They’ve been suppressing free speech at Universities for decades. The government should step in and order the expulsion of students and dismissal of staff who shout down speakers or break up meetings-even if there are hundreds of them. If they want a safe space,they can go to their rooms-a University is not a kindergarten.

    • KilowattTyler

      If (a big if) there was ever a government outside the PC-technocrat bubble a law could be passed defining the characteristics of a university. A central feature of this definition would be that students, academics and those invited to speak at the university could express any opinion without suffering from disciplinary action, provided that there was no incitement on the part of the speaker to violence against named individuals or members of political parties or religious organisations or nationals of other countries, or attacks on property.
      Any university (as currently understood) failing to meet this definition would lose all future direct or indirect state funding and be ineligible for charitable status.

  • Little Black Censored

    “A Muslim must never be questioned on her faith…”
    “His” is an inclusive term, or if you don’t agree, then “his or her”. “Her” is never inclusive; perhaps you are trying to make it so? It also draws attention to itself and so distracts the reader from the argument, or even annoys him. (“They”, used for the singular, sounds uneducated to some people.)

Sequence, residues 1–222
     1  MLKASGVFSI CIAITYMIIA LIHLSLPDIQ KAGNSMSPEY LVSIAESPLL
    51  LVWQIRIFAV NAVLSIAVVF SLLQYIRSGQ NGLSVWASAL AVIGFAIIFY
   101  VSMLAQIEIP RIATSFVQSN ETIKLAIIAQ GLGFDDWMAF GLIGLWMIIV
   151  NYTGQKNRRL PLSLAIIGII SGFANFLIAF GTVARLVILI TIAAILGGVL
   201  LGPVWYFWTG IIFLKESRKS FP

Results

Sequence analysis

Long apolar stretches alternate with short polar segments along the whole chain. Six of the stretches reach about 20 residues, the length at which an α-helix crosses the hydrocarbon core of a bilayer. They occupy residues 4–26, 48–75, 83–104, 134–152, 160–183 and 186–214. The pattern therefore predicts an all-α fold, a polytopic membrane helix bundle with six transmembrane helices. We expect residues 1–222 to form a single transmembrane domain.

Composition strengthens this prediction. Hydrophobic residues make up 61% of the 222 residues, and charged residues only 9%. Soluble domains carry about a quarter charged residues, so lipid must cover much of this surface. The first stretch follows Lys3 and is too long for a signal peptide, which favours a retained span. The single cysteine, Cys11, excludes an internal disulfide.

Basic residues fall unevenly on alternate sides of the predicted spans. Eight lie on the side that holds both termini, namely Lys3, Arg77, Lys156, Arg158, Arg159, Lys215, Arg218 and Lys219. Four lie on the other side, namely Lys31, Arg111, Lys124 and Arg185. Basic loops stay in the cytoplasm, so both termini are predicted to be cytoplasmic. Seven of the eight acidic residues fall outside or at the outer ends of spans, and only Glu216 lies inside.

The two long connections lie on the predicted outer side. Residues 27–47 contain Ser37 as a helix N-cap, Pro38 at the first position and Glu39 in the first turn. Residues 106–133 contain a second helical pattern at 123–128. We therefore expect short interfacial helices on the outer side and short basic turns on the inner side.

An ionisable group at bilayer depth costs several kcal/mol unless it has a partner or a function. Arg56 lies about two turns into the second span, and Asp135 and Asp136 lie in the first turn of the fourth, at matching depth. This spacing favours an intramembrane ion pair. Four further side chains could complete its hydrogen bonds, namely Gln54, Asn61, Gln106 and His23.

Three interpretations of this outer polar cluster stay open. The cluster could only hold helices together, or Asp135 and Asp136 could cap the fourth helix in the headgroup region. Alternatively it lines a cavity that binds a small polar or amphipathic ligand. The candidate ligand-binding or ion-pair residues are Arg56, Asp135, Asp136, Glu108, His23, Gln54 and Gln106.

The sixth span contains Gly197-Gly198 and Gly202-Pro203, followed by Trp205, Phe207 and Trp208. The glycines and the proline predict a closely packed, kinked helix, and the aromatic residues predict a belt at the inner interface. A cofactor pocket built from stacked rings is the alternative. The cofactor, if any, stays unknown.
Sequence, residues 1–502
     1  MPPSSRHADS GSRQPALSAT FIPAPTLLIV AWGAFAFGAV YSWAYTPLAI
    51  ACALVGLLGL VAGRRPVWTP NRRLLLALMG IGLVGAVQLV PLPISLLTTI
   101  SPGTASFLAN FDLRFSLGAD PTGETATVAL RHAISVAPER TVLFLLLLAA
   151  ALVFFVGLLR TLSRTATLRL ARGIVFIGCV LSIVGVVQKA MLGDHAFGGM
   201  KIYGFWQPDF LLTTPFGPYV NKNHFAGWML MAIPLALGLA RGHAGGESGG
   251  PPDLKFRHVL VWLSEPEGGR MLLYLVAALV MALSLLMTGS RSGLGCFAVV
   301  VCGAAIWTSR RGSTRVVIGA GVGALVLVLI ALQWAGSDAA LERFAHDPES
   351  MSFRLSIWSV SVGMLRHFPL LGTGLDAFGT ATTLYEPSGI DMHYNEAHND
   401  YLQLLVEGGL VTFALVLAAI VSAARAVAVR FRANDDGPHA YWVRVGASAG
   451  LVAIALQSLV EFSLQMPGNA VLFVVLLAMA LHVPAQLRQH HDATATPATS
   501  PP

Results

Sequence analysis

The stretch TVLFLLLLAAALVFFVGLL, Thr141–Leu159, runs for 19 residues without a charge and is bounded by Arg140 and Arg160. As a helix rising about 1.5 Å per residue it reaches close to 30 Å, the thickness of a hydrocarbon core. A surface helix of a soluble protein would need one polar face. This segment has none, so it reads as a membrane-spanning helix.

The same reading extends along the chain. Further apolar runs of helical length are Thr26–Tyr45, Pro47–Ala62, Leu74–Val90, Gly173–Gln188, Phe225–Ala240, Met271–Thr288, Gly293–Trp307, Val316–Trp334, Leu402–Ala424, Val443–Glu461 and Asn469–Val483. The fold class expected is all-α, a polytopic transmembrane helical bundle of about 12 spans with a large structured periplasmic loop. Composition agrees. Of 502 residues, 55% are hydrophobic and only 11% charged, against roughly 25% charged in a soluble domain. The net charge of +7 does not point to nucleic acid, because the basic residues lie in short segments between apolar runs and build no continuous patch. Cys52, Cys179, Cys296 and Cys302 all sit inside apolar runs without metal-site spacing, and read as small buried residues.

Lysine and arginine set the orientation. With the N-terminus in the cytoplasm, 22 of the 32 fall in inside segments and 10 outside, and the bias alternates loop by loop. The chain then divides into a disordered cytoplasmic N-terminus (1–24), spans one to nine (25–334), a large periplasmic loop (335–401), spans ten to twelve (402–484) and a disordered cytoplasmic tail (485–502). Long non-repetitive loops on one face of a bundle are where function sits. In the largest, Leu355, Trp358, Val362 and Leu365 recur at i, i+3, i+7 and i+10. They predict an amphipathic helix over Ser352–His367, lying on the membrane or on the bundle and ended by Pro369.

• Steve

      To whom does “”They”, used for the singular,” sound other than uneducated?

      I suppose to the uneducated.

      Though I would simply call it “wrong”. And “jarring”.

      In the context of this website a female default is perhaps reasonable?

      Though in the particular example the reason might be that a Muslim woman may well have been denied a proper education making it unfair to ask her to conduct a learned argument?

  • So many forget, the right to free speech is by definition the right to offend. Thus we had the spectacle last week (at William and Mary, Thomas Jefferson is amongst the alumni) of the leftist ACLU shouted down by the idiots from BLM.

    Until we get over thinking that the radical left believes in anything but power (their own) we will lose this war, for war it is, just not defined yet.

  • Pretty Polly

    Most students are lefties and lefty arguments don’t work, so obviously most students demand censorship instead.

  • Dave S

    This madness will eventually pass but it will ruin lives and countries before it does. I look at the faces of the young and they seem vapid ,lacking any possibility of character forming in their faces and their lives.
    Compare them with the men and women I grew up with and worked with in a variety of jobs many years ago. No safe spaces for me then and quite right for I was young and had it all to learn.